Impact of CPI on Stock Return
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Published: Wed, 14 Mar 2018
Impact of Consumer Price Index on Stock Return
The purpose of this study was to see the relationship between the Stock return of KSE-100 index and Consumer price index (CPI).
The well-organized stock market mobilizes the savings and activates the investment projects, which lead to economic activities in a country. The movements in the stock prices are an important indicator of the economy.
It is usually considered that financial markets respond to announcements about economic variables such as money supply, consumer price index (CPI), wholesale price index (WPI), Producer price index (PPI), unemployment rate, discount rate, industrial production etc.
Previous studies have examined the financial markets reaction to these announcements. But this study was only concerned with the hypothesis that change in CPI has significant association with the change in Stocks return. This study has shown that there is a negative relationship between consumer price index and KSE -100 index trading volume and the results were significant. Now we will see the relationship between the stock return and the inflation rate. This study is helpful for investors in decision making about changing their investment portfolios around these announcements (http://iqra.academia.edu/drsubhani/papers).
Consumer Price Index (CPI)
Consumer price index reflects changes in the cost to the average consumer of acquiring a basket of goods and services that may be fixed or changed at specified intervals, such as yearly (http://www.investopedia.com).
Stock return is the ratio of the present year’s KSE-100 index and previous year’s KSE-100 index. It I calculated as:
Where St is the KSE-100 index of present year and KSE-100 index of previous year.
This study mainly focuses on the impact of CPI that is the inflation on the stock returns.
The hypothesis shall be tested is as follow:
H0 : CPI has no effect on the stock returns
H1 : CPI has an effect o the stock returns.
Previous studies have examined the stock market re action to announcements about economic variables.
Schwert (1981) examined the everyday returns to the S & P composite portfolio around the C.P.I. announcement dates from 1953 -78 and found that stock market responds negatively to the announcement of unanticipated inflation in the CPI.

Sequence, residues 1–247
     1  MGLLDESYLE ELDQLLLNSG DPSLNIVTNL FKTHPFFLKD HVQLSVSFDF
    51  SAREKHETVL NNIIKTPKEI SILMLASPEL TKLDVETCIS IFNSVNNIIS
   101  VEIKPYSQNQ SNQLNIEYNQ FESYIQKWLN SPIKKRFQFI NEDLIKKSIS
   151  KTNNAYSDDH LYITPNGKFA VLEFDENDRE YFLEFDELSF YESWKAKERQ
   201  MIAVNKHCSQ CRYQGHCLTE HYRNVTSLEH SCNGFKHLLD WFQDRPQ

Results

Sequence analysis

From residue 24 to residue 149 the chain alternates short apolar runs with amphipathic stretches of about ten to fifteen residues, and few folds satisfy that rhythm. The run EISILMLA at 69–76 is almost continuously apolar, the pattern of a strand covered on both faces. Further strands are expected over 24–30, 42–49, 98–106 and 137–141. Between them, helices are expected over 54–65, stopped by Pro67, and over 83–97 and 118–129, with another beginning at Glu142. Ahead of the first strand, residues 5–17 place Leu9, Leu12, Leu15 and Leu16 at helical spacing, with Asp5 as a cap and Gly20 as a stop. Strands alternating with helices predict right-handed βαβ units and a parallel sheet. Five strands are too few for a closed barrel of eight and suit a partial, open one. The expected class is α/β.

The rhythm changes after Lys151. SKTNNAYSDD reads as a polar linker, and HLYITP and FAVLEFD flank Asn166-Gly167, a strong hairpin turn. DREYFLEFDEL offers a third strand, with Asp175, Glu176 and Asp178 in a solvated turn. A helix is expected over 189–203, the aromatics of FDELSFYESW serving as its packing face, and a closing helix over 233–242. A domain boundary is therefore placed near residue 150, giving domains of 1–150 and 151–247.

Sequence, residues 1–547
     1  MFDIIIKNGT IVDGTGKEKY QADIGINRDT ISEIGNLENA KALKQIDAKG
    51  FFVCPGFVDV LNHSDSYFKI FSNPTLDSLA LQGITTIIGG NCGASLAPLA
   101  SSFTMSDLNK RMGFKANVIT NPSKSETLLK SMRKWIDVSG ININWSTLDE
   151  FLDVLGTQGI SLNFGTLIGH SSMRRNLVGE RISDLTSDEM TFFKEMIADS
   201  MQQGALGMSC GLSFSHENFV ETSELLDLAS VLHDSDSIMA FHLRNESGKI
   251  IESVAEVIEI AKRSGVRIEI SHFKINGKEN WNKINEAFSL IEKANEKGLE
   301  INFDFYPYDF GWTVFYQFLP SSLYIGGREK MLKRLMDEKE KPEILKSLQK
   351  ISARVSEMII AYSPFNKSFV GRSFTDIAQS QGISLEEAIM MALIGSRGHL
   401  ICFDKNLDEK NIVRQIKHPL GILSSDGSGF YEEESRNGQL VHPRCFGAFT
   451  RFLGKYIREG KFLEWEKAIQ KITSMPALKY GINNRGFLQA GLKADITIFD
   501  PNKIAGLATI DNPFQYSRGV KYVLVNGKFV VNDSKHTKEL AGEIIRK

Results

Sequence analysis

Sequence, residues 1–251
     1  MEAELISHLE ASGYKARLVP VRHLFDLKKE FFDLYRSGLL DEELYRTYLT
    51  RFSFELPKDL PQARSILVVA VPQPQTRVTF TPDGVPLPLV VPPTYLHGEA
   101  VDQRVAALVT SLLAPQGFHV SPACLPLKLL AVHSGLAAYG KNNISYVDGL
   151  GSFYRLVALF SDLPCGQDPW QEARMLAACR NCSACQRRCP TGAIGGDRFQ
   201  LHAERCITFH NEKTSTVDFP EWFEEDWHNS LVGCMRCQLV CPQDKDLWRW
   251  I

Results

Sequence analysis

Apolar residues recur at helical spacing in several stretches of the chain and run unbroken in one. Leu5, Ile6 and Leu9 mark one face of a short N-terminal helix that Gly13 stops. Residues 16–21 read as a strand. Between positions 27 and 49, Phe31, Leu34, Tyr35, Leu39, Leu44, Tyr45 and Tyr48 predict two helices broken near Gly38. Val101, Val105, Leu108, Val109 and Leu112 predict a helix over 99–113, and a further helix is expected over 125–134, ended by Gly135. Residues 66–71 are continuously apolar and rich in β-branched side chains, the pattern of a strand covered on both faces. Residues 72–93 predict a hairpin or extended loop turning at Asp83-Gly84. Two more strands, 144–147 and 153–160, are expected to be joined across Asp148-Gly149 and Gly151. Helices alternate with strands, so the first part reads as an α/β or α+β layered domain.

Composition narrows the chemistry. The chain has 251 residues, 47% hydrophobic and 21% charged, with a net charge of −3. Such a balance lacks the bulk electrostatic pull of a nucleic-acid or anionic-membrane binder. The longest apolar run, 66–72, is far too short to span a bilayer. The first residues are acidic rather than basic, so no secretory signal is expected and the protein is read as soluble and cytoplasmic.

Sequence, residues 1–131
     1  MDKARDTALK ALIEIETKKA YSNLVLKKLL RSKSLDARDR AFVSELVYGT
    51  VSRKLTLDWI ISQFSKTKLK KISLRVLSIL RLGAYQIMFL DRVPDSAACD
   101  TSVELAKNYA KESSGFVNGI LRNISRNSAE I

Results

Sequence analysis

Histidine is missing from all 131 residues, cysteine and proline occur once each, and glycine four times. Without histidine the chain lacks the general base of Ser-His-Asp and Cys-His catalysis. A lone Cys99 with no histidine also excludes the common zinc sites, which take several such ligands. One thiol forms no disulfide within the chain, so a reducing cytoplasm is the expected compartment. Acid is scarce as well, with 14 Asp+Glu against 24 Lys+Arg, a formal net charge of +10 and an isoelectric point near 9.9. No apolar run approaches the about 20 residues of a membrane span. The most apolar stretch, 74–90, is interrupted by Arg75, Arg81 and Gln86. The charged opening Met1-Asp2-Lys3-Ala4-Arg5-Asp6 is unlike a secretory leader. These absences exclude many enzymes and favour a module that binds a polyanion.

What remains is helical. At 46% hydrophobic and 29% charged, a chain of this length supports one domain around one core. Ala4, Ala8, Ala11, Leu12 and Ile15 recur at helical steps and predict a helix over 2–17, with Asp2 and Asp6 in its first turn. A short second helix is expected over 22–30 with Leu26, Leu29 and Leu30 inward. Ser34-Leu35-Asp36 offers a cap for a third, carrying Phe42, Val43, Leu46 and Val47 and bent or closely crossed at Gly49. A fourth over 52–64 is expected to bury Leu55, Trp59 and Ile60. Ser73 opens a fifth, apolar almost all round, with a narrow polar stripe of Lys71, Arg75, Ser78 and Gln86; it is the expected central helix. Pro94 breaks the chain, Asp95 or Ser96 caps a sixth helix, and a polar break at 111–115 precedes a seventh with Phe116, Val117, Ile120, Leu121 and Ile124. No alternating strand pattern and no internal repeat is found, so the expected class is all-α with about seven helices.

Schwert (1989) reported that there are at least three theories that predict a positive relation between volatility and volume. First if investors have heterogeneous beliefs, new information causes both the price changes and the trading. Second, if some investors use price movements as information on which to make trading decisions, large price movements cause large trading volume. Finally, if there is short -term “price pressure” due to illiquidity in secondary trading markets; large trading volume that is predominantly either buy or sell orders cause price movements.
Schwert (1989) results have shown a positive relation between stock volatility and trading activity and results supported the proposition that stock market volatility is higher when trading activity is higher and there was little evidence that financial volatility helps to predict future trading volume growth, except for stock volatility from 1920 to 1952.
Whereas, using hourly data Jain (1988) found that CPI announcement surprises have significant negative effects on stock prices and trading volume was not associated with surprises in the CPI announcements and the results were consistent with the hypothesis that market participants interpret the surprises in announcements in an analogous manner and do not engage in additional trading.
Castanias (1979) reported that the variance of stock prices rises around the days of most economic news events, which Castanias (1979) interpreted as a reflection of new information appearing. Using daily data Pearce and Roley (1985) did not find an association between surprises in consumer price index (CPI) announcements and stock market reaction. By using monthly data Chen, Roll and Ross (1986) found that inflation related variables w ere highly significant in the 1968-77 periods and insignificant both earlier and later. Carlton (1983) reported that the inflation has a tremendous negative effect on volume traded. It appeared that the level of inflation, rather than the unanticipated component of inflation, was more significantly correlated with volume traded. A related reason for a decline in trading as a result of increasing inflation has to do with the different types of the commodity that are deliverable on the futures market.
Smirlock (1986) found a significant positive response of long -term rates to unexpected inflation.
Smirlock (1986) reported that the unanticipated component of the announced change in both the PPI and the CPI have an immediate positive effect on long -term rates in the post-79 period, but no effect in the pre-79 period.
Using daily prices of indexed bonds Huberman and Schwert (1985) found that about 85 percent of the reaction of bond prices to unexpected inflation occurred contemporaneously with the sampling of individual commodity prices from 2 to 6 weeks prior to the announcement. The remaining 15 percent of the reaction to unexpected inflation occurred on the day following the announcement. Black (1986) stated that the noise makes trading in financial markets feasible and therefore allows traders to monitor prices for financial assets. Noise causes markets to be inefficient to some extent but often prevents traders from taking benefit of inefficiencies. In Black (1986) model of financial markets, noise was compared with information. Traders at times trade on information in the common way. Traders are correct in anticipating making profits from these types of trades. On the other hand traders at times trade on noise like if it were information.